Visiting Writers Series in Block 3

The Visiting Writers Series sponsored by the Colorado College English Department with the support of the MacLean Visiting Writers Endowment offers many great opportunities to learn from and and engage with a variety of writers throughout the year.  All events free and open to the public. For more information, call (719) 389-6853. Look for the most up to date schedule events HERE

Block 3

October 26 – 7 p.m., Gaylord Hall – Indigenous Reading Series (Layli Long Soldier, Byron F. Aspaas, and Jennifer Elise Foerster)

Layli Long Soldier has received a Lannan Literary Award for Poetry, a National Artist Fellowship from the Native Arts and Cultures Foundation, and a Whiting Award for her debut book of poetry, “Whereas.” “Steeped in Native American history and current politics, Long Soldier’s poetry is a melodious battle cry, an argument, and a prayer for our nation’s future.” — Morgan Parker

Byron F. Aspaas is Diné and has earned his MFA in Creative Writing from the Institute of American Indian Arts. His work has appeared in Red InkYellow Medicine ReviewAs/Us: A Space for Women of the WorldDenver Quarterly, and The Rumpus. He is Red Running into the Water; born for the Bitter Water People. “Aspaas’s words bubble out of the land as though it were never disturbed and, in writing about place and experience using lyric rhythms and flowing constructions, he shows that we have no experience that isn’t made by the land that made us.” — Elissa Washuta

Jennifer Elise Foerster, whose first book of poems is titled “Leaving Tulsa,” was awarded a 2017 NEA Creative Writing Fellowship and a Lannan Foundation Writing Residency. A member of the Muscogee (Creek) Nation of Oklahoma, Foerster graduated from the Institute of American Indian Arts and held a Stegner Fellowship in Poetry at Stanford University. “In these sharp, visceral poems, [Foerster] journeys through the American landscape and maps what has burned and vanished and yet persists. This is a book of endings and beginnings, of immediate memory and urgent, lyrical insight.” — Arthur Sze

November 9 – 7 p.m., McHugh Commons – A Celebration of Colorado Poet Belle Turnbull

A new book in the Unsung Masters Series (Pleiades Press) reintroduces the work of Colorado writer Belle Turnbull, who published poems in The New York Times, The Saturday Review of LiteraturePoetry magazine, and other publications. Writers including David Rothman, Uche Ogbuje, and David Mason will present and discuss Turnbull’s work.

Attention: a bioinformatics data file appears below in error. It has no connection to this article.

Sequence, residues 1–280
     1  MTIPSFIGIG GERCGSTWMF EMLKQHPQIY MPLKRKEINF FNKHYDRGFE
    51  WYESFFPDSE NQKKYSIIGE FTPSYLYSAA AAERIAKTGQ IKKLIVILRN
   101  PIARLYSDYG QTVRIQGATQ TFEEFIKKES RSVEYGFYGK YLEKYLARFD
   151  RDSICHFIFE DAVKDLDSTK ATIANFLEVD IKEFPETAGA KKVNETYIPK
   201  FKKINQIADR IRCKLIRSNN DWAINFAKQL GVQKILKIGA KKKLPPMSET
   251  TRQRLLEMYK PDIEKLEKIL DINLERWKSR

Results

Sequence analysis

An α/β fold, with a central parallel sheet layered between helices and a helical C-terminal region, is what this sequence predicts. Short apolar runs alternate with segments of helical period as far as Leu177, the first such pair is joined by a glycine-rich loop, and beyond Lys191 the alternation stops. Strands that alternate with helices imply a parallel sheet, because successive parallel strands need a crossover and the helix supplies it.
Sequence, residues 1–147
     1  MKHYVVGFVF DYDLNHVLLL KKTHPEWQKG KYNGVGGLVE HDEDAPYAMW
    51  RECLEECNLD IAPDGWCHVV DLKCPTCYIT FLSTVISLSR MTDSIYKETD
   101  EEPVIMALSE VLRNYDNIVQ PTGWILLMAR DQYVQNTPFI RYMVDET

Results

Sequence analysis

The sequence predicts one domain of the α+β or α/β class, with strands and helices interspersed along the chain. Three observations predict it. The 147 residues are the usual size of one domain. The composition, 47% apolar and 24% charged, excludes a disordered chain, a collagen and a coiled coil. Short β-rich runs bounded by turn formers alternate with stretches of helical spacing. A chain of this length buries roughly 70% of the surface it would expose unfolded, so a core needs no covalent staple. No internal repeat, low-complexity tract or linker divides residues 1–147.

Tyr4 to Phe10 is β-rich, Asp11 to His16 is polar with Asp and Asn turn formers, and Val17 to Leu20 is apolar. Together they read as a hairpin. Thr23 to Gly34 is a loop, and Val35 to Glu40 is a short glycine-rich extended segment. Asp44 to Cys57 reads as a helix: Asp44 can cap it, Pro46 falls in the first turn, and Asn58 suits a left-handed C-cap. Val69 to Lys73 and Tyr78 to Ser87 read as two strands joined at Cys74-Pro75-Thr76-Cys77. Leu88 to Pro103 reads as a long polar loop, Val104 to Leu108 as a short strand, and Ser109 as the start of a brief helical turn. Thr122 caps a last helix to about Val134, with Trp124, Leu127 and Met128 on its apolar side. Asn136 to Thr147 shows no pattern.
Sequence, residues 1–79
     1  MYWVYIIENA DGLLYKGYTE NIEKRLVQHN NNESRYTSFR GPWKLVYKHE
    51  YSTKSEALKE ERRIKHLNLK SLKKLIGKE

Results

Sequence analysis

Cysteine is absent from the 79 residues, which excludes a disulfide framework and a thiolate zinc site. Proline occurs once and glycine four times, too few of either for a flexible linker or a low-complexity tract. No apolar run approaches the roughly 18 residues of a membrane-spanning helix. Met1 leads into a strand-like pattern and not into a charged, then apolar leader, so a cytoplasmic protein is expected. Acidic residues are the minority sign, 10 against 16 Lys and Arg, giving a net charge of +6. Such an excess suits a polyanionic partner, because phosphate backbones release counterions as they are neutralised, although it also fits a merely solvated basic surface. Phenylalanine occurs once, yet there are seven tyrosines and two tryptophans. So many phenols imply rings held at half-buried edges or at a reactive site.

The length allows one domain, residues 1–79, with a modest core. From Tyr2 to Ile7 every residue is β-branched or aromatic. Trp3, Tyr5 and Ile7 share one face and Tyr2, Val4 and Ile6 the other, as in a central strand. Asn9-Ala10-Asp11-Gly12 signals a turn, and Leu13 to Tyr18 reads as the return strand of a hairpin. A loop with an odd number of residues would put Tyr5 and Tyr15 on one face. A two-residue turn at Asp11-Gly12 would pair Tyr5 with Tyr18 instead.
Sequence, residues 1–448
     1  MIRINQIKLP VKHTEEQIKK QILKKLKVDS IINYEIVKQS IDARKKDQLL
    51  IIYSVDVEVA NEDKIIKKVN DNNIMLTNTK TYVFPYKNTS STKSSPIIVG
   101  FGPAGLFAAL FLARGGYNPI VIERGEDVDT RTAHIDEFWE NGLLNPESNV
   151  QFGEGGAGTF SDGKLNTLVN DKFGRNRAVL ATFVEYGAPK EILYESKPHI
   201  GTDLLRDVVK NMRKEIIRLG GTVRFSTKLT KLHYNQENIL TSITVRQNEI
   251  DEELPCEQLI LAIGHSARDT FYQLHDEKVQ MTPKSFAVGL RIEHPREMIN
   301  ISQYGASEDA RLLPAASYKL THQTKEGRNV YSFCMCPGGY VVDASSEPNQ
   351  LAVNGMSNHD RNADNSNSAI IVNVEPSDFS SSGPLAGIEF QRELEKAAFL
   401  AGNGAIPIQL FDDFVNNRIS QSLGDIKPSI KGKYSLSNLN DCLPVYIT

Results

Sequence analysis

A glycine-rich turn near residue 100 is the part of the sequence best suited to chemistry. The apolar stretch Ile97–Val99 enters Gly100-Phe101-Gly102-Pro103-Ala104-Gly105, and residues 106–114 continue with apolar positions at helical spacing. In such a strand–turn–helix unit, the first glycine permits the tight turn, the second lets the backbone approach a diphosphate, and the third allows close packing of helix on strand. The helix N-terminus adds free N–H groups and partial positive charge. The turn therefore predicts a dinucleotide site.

“To discover Belle Turnbull is to discover Colorado from the inside out. Here we have a deeply original poet braving the elements, choosing a life of wilderness and hardship, giving voice to the invisible streams, rugged peaks, and high country characters of the early 20th century.” — Wendy Videlock

Block 4

November 30 – 7 p.m., McHugh Commons – Kathryn Kuitenbrouwer and Ramona Ausubel

Kathryn Kuitenbrouwer’s works of fiction include “All the Broken Things,  Perfecting, “The Nettle Spinner,” and “Way Up.” She received the Sidney Prize for Fiction and a Danuta Gleed Award, and her work has been shortlisted for Canada Reads, the Toronto Book Award, the ReLit Prize, and the First Novel Award.

“By illuminating one tiny corner of the world, Kuitenbrouwer opens an almost infinite space to think about responsibility, the meaning of family and the connectedness of things. — The National Post

Ramona Ausubel’s “Sons and Daughters of Ease and Plenty” was a San Francisco Chronicle and NPR best book of the year. She is also the author of “No One is Here Except All of Us,” winner of the PEN Center USA Literary Award for Fiction, and “A Guide to Being Born,” a New York Times Notable Book.

“Ramona Ausubel’s sparkling second novel, ‘Sons and Daughters of Ease and Plenty,’ is packed with wisdoms. . . [this] glorious work will surely confirm her as a vibrant, memorable voice in contemporary American letters.” — The San Francisco Chronicle

Leave a Reply